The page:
Managing Growth – Recognizing and Hitting Transition Points
Most startups fail. A recent study of 2,000 venture capital-backed businesses showed that 75% failed in three to five years. They are not my audience. The companies that get liftoff, break free of the “small business” gravitational pull of $1M sales/year and keep going – you are my audience. Congratulations!
Growing businesses, whether they be service-, manufacturing- or technology-based companies, begin to gather momentum and then scale. That’s the point when they hit upward inflection points that are step-ups from where they are today. They expand products, plant capacity, market reach by segments, geography or international markets, and even physical locations. They may take on partners for manufacturing or distribution, and their need for what they see as “nonessential services” (like legal, finance and executive recruitment) accelerates to uncomfortable levels.
Most successful business founders have a unique ability to focus, becoming riveted on filling a customer-valued market need. Yet they all seem to have the same blind spots that cause them to miss critical transition points with common negative impacts. The results are the same: they fall behind and become reactive, leading to nonconstructive stress throughout the organization. The further one gets behind these inflection points, the harder it is to catch up.
#1 – Managing for Profitability
It is about the money. Seriously. Building a culture driven by financial goal setting, commitments and ownership, timely performance reviews and recovery plans, for if you fall behind, is critical. Required are staffs and teams that understand managerial finance, including managing-for-profit, productivity, cash flow management and building a healthy balance sheet. When do you do this? Timing and dedication to the process are key before you run through scarce capital and cash.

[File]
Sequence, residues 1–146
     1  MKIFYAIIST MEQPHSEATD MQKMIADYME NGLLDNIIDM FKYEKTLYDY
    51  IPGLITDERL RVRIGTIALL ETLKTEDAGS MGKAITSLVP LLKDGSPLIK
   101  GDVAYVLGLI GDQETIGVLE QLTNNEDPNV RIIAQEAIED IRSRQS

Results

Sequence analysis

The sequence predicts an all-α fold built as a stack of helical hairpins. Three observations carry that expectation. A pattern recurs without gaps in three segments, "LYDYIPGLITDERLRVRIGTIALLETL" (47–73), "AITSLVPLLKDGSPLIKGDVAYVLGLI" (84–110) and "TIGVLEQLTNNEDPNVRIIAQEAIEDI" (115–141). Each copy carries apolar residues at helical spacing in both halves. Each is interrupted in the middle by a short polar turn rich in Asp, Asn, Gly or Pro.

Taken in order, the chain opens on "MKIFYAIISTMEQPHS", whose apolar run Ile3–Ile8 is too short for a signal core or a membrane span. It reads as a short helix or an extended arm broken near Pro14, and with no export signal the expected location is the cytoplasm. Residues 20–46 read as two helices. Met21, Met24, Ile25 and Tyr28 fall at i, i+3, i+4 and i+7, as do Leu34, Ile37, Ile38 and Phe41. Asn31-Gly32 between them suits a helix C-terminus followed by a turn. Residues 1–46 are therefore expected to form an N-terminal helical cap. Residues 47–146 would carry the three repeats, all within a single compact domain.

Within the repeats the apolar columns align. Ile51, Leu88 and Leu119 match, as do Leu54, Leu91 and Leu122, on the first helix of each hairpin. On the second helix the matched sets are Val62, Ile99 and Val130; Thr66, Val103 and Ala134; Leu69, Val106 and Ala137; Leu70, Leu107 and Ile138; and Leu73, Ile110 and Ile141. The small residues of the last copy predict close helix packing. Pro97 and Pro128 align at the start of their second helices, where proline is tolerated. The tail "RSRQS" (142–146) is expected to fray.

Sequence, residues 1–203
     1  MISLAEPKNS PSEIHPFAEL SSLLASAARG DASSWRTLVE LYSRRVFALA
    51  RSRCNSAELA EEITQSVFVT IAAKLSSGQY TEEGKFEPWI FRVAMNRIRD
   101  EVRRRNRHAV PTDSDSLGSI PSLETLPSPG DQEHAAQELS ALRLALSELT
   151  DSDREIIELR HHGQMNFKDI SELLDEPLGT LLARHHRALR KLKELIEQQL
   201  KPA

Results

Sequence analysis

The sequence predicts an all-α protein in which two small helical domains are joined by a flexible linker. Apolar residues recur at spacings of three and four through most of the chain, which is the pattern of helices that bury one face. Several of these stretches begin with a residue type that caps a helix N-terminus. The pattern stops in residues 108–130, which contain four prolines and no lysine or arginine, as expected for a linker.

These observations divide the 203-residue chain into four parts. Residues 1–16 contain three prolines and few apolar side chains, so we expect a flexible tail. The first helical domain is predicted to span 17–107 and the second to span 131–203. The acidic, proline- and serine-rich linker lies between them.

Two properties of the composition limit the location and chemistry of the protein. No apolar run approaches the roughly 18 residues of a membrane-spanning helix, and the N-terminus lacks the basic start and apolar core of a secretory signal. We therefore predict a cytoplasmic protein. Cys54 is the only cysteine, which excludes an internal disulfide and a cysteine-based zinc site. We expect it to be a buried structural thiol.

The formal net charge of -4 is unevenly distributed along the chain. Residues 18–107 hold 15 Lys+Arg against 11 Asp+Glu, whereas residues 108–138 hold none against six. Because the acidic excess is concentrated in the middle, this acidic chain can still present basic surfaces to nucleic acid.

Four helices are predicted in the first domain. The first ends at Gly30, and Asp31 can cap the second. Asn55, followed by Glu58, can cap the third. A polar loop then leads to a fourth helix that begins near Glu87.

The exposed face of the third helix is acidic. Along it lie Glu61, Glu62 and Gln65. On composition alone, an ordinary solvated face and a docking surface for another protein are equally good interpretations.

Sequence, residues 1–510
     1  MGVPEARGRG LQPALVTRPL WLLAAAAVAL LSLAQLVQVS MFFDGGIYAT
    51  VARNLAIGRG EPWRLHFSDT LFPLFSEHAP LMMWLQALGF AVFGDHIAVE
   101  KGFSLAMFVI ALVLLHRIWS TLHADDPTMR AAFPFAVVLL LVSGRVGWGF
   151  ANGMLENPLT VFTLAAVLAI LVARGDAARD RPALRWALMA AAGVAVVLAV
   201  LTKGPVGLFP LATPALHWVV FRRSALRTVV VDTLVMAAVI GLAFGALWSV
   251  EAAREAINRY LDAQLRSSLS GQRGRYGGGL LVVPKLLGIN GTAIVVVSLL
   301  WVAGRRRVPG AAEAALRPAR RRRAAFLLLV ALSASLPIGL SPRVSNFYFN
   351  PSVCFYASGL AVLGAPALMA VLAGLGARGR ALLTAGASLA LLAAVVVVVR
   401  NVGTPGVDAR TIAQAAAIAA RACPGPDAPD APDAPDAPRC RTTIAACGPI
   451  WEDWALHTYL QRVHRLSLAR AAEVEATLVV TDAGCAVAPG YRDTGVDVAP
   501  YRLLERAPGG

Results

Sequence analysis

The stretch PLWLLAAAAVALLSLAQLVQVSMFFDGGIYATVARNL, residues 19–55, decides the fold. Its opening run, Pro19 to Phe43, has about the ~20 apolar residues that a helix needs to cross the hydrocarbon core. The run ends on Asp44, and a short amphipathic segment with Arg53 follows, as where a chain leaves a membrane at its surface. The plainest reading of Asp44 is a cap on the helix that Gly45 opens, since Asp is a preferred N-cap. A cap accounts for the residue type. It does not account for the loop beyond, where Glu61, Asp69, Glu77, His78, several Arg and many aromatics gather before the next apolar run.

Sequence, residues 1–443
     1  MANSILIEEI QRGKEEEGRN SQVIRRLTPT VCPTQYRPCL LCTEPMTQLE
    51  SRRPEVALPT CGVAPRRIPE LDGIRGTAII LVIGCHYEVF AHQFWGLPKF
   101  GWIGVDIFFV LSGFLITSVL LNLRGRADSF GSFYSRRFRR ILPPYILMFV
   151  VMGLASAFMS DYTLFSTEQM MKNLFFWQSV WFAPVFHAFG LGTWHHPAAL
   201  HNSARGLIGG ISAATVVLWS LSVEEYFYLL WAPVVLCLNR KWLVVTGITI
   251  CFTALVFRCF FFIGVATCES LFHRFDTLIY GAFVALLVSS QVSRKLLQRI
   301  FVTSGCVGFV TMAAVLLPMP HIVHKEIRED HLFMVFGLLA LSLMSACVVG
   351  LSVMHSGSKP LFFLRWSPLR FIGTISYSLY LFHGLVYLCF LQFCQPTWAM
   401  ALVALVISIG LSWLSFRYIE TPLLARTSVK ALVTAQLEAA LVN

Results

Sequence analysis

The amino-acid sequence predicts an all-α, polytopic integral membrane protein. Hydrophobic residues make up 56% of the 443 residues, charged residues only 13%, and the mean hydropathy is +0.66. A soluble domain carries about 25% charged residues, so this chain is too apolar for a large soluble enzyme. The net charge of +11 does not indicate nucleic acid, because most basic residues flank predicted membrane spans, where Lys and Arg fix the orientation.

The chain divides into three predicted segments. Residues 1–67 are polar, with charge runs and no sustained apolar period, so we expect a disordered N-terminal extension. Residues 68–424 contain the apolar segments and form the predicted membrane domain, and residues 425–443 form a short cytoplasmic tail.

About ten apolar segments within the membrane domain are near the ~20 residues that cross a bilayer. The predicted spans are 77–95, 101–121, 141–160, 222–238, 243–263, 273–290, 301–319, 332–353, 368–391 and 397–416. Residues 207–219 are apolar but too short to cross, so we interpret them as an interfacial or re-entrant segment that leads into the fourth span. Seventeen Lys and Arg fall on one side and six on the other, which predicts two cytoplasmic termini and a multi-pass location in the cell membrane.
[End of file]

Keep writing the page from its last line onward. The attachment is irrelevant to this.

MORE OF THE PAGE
#2 – Transitioning to Marketing
Companies go through stages, beginning with invention and proof points and then moving into initial sales and broader market acceptance. Somewhere in there, the world notices your “better mousetrap” and competitors want “in” to your market. Some erstwhile competitors are big and have plenty of resources. So how do you compete? Refining your value proposition and aiming at defensible market niches is the key. Along the way, pricing strategy becomes crucial. The most important variable is changing the game before the competition recognizes it. That’s called marketing, and doing this too late is, well, too late.
#3 – The Most Valuable Resource – Your People
It never ceases to amaze me that many executives do not realize that their key resource goes home at night. You can have incredible patent protection, but if the “people engine” isn’t running, you are in deep trouble. Similarly, at inflection points, if you do not add key human resources, you will fail. Most growth businesses are too slow to add a human resources manager or executive, and that is a killer. Think about the complexity of staff quality and timely hiring, compensation planning and management training and development at all levels and performance appraisals. Think, also, about developing a corporate culture that is positive, progressive, honest and risk-taking. When do you get started on this? The sooner the better!
#4 – Win in Your Primary Market
You cannot sell the second if you do not sell the first. Become well established in your primary market and build upon that to be successful. Develop your credentials of value, quality and service. Too many growth businesses go horizontal into additional products and markets too soon and default their primary market before expanding. I call these “hobbies,” and they are distracting and resource diluting. In today’s business world, you must execute with precision, quality and speed. You need to determine what is a critical path and what is not.
Founding CEOs are focused and driven, and that is what ensures their success. They know what they know, but all too often they neither recognize nor appreciate what they do not know. The above stress points are very real, and simply understanding that they loom ahead is helpful. Successful companies confront them in a dedicated and timely way. Others miss the inflection points and inject unnecessary risk into their business equation. How you adjust and develop new practices will define the future performance of your business.
About the Author
Jeff Goodman is the principal of Best Practices Inc., a business consulting firm located in West Stockbridge, Massachusetts. Jeff has helped companies such as General Electric, IBM and others make timely, high-quality decisions. He will dig deeper into some of the points highlighted above in future articles. You can contact Jeff at firstname.lastname@example.org.
If you are interested in learning more about this “Managing Growth” topic at a CI-sponsored seminar, please contact Melanie Hoben at Melanie.Hoben@ctinnovations.com or 860-258-7820.